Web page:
Activists Rally for Ison Rock Ridge, Urge EPA to Stand Strong
On May 27, activists with the Southern Appalachian Mountain Stewards (SAMS), Mountain Justice, and the Sierra Club gathered for a rally and march through the town of Appalachia, Va., to call on the Environmental Protection Agency to deny a mountaintop removal permit for nearby Ison Rock Ridge.
Located in Wise County in southwestern Virginia, Ison Rock Ridge is under attack by coal companies who want to blow it up using the devastating technique of mountaintop removal (MTR) to get at the coal seams underneath—a practice the coal industry euphemistically refers to as surface mining.
A mountaintop removal permit for Ison Rock Ridge has been approved for the A&G Coal Company by the Virginia Department of Mines, Minerals and Energy, but the project has been held up since 2009 by the U.S. EPA.
The rally in Appalachia kicked off at 10 a.m., with speakers from SAMS, Mountain Justice, the Sierra Club, Kentuckians for the Commonwealth, Heartwood, and other allied organizations, who gathered from ten different states. Ralliers were also led in a rendition of SAMS' unofficial anthem, Stop Tearing the Mountains Down.
"We're worried that the EPA is succumbing to pressure from Congress and industry to back down on its strong stance on mountaintop removal and valley fills," Sierra Club organizer Hannah Morgan, an Appalachia resident, told the Bristol Herald Courier. "This march is a celebration that the mountain is still standing." That's Morgan at right, above, with red hair.
After the rally an estimated 75 protestors marched down Main Street in Appalachia with signs and giant puppets representing King Coal, Virginia Governor Bob McDonnell, U.S. Congressman Morgan Griffith, and Ison Rock Ridge itself, while musicians played traditional Appalachian tunes.
"If this permit is approved, we will only see an increase in the already-devastating health impacts on our people as a result of mountaintop removal mining," said registered nurse and SAMS Vice-President Jane Branham, below at right. "Our people are dying from the pollution in the water and air and the EPA is the only agency that's willing to take a stand to protect us."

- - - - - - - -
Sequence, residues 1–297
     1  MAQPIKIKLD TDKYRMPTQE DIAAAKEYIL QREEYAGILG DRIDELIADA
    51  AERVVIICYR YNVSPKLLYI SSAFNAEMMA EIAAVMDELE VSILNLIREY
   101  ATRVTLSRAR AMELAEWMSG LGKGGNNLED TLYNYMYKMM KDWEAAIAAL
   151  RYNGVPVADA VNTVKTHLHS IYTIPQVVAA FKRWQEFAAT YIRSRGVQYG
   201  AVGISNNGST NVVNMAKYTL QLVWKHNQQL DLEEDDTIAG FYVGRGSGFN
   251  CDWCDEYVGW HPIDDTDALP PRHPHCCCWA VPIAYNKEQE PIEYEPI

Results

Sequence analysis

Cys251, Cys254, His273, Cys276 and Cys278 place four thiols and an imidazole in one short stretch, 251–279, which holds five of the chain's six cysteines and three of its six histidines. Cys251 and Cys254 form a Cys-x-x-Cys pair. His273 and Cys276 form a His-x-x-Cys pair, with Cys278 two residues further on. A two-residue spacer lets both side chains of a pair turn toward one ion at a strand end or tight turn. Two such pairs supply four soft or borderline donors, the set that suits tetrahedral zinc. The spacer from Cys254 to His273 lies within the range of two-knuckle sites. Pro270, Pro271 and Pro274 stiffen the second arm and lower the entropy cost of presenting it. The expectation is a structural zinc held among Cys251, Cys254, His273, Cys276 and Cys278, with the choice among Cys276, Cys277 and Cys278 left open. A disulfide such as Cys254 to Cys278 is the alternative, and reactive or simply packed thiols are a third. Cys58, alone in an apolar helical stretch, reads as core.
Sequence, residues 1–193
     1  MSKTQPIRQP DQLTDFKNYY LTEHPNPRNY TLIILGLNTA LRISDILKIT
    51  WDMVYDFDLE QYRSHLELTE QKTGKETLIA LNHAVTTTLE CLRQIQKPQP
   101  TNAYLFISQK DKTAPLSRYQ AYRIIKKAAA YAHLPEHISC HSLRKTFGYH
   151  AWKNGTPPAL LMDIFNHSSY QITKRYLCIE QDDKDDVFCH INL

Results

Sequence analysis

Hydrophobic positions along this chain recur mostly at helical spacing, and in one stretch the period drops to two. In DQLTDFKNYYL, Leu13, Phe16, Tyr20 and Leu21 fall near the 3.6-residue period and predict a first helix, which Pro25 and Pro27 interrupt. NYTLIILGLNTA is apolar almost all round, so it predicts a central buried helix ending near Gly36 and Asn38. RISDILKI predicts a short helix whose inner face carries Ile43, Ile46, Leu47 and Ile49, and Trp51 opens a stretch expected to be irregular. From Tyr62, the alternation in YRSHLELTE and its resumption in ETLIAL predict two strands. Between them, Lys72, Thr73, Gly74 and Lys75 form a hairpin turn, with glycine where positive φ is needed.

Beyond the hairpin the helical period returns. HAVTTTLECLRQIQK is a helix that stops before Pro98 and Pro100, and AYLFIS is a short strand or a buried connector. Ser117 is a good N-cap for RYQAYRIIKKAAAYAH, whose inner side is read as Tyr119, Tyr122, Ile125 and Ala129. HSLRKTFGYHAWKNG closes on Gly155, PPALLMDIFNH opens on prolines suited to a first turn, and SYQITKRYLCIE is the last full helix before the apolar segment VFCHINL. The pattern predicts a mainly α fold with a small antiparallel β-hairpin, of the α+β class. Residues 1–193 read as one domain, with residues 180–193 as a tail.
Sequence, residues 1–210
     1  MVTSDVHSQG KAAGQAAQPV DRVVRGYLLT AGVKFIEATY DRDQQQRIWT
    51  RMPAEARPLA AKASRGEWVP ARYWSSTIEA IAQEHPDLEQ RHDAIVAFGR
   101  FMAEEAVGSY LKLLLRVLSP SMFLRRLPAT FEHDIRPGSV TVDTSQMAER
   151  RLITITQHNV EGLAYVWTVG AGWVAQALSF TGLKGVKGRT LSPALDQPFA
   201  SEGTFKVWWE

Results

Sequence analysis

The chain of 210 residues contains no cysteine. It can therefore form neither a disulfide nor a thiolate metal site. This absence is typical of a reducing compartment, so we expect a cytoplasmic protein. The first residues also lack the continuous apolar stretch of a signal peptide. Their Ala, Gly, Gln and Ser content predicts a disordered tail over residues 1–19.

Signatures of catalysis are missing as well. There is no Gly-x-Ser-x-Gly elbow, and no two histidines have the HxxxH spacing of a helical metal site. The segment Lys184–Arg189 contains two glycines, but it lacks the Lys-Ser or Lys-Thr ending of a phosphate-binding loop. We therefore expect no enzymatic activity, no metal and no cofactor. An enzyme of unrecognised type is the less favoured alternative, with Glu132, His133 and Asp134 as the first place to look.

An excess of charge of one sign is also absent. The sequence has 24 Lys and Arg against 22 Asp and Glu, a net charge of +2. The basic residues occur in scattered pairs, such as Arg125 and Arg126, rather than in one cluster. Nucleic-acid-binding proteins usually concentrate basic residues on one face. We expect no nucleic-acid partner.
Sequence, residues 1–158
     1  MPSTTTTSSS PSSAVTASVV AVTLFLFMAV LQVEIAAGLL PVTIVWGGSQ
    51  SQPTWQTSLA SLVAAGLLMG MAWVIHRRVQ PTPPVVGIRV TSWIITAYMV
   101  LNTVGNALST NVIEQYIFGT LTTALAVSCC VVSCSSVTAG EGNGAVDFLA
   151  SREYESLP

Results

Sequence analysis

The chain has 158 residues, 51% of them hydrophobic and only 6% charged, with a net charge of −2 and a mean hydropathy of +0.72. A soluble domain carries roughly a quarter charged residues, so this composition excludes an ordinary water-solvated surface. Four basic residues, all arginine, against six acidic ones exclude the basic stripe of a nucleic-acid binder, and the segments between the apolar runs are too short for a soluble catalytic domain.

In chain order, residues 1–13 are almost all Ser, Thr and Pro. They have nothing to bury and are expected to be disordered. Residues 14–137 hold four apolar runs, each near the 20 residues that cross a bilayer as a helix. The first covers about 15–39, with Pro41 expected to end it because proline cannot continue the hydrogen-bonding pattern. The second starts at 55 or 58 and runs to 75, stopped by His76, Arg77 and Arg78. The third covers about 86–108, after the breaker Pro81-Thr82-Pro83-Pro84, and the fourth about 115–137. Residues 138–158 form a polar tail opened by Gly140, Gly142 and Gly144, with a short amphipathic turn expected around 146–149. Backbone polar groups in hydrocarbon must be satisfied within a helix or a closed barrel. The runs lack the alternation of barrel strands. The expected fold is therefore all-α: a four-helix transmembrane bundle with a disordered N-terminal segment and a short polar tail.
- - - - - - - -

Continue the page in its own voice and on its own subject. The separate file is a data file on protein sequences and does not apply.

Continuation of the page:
Several marchers carried signs reading "Not 1 more mountain, Not 1 more child"—a reference to the death of 3-year-old Jeremy Davidson in the nearby community of Inman in 2004.
The boy was killed while sleeping in his bed when a half-ton bounder, dislodged by an A&G bulldozer at 2:30 a.m. nearly 700 feet above, rolled down the slope and came crashing through the wall of the Davidson home, below. A&G was cited for "gross negligence" and fined $15,000 for permit violations.
For the last decade-and-a-half, mountaintop removal has been steadily demolishing the biologically diverse mountains and obliterating or poisoning the streams in Wise County, where Ison Rock Ridge is located. Residents who cherish their mountain heritage are making a last stand for Ison Rock, which has been identified as the most endangered mountain in Virginia.
Above, an MTR operation Wise County. Below, a map of northern Wise County, showing existing MTR sites in bright red and the proposed Ison Rock Ridge MTR site in maroon, labeled PROPOSED MINE. Note the community of Inman occupying the narrow valley between Ison Rock Ridge and the MTR operation that killed Jeremy Davidson.
"The EPA is our last line of defense here in Appalachia," says Sam Broach, a former miner who is now president of SAMS. "We support what they have done to hold up this permit and we just want them to stick to their guns and stand strong." That's Broach below, with the Sierra Club's Hannah Morgan.
Watch these video interviews of Wise County activists who are working to save their county's mountain heritage (scroll down to "Virginia" interviews). And read about some of the heroes who are working to stop MTR.